One day in the spring when we were getting the equipment ready for the new season and the rust from our attitudes, we all got to the Estrella Sailport to get over ground sickness. We had an informal task to Ryan Field and back and everyone milled around the field for a long while sampling the hills and the farm fields, and waiting for the real soaring day to begin. It never did and so people started drifting south in the hills which seemed to be best. John and Mary Ann arrived when the rest of the gliders were about 40 miles out and off to the west of the hills. John assembled, got a tow, climbed in the usually good thermals at the sailport and left along a straight line to Ryan Airport. His altitude vs. distance also made a straight line from the last thermal at Estrella to where he hit the ground on a course line to Ryan Field. Mary Ann retrieved him and when we were all together at the end of the day, John had the best time explaining how Mary Ann scolded him for his performance. All of us have made flights like that and know its just part of the continuous learning that makes soaring a life-long sport. And Mary Ann had earned the right to scold. She could pack the big station wagon they used for soaring contests with everything needed, with all stowed so that it stayed in place and she could quickly retrieve any item. People who can do things like this to make life for another at the contest trouble-free, have wings of their own!"
Space does not permit inclusion of the many more remembrances of John. One fact is an absolute given - the sport of soaring as it is today, is a direct result of the positive influence of John Ryan - on the local, national and international levels. He was indeed a giant in that sport of the ever-present challenge with nature. N.H.
Soaring In Columbia
submitted by Ruth Petry
(In the mid-60's Air Force Capt. Don Harrell was given a crash course in Spanish and sent to Colombia, South America, to train helicopter pilots. Here is his rather hair-raising account of a soaring operation in Colombia, taken from the October 1966 issue of Air Currents. - RP)
After many inquiries I had decided there were no sailplanes in Colombia and quit asking. Then several weeks ago, during a short vacation at the beach, I was watching the gulls and trying to pick up a few pointers. One looked vaguely familiar and seemed to be doing quite well without any noticeable wing movement.
After a short sip of rum and coke this gull took on sailplane characteristics. One more quick sip and it became, of all things, a 2-22! This called for another sip, a little squinting of the eyes to make sure, and then a quick trip to the local airport. By the way, that word "airport" is used rather loosely here. Any patch over 700' long and 50' wide and devoid of all but small boulders can be an airport. It really shouldn't have more than 10 degree slope and is almost always open at one end.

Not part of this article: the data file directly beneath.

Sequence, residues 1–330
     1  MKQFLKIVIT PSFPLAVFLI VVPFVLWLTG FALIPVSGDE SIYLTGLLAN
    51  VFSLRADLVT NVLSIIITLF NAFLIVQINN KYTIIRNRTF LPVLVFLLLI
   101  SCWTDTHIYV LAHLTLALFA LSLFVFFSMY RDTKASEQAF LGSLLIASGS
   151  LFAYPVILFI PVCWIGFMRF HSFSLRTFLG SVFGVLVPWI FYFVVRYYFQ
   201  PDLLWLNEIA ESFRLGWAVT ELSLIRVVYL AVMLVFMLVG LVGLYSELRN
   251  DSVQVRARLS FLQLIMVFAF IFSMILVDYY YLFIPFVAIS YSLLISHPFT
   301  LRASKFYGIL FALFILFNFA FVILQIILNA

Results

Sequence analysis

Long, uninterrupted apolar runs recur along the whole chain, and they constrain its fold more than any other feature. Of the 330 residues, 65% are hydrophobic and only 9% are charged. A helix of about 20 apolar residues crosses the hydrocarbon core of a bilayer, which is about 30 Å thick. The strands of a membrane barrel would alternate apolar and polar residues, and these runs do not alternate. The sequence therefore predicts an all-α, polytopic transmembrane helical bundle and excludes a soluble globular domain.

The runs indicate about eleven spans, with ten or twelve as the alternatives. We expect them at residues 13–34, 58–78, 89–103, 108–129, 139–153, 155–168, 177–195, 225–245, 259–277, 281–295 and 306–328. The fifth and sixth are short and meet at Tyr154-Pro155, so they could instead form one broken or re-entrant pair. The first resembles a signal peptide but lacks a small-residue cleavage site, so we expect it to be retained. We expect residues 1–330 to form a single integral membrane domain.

Anyway, the airport looked like a gypsy camp except that the covered wagons had turned into airplanes and the tents were brightly colored deluxe jobs. I was welcomed in four languages, offered a beer, and informed that my arrival was just in time to help retrieve the "planeador. It had just made a landing three miles downwind from the field. It had made a landing - NOT the pilot. Here, a pilot is kin to God hence makes no mistakes. Especially the sportsman pilot, because only the rich-rich can afford to fly. And nobody insults a rich man by insinuating he erred. Nobody that is, except an ignorant gringo who hasn't caught on to all the customs yet. Have you ever heard of anyone releasing two miles downwind at 1000 ft. when the wind is blowing at 15 - 18 k and the thermals aren't breaking?
However, they forgave my indiscretion since the 2-22 was three miles away and there wasn't even a cow path between it and the field. Every muscle - no matter how small - was needed to carry it back. So carry it back we did, and all in one piece, too! Soaring here is D I F F E R E N T! "They had air-towed 90-some miles over mountains and valleys that make the stretch between Phoenix and Prescott look like a pool table. I very seriously doubt if there is one spot in the entire distance where a sailplane could be landed safely, "The club normally operates out of an 8700 ft. field (that's altitude - not runway length). The length isn't published but I timed one of my tows - on takeoff roll to be exact at one Minute and twenty-one seconds behind a Super Cub. Seventeen minutes average to gain a thousand feet!
"Dodging between fence posts and trees markedly improves ones low level flying techniques. Actually with a 75 ft. tow line, following the tug is greatly simplified. If he doesn't hit anything you can be relatively sure you wont either.
Even if he does hit something you, as sailplane pilot, can't be blamed. This type of thing also shows that the pilot is a brave person and not afraid of anything.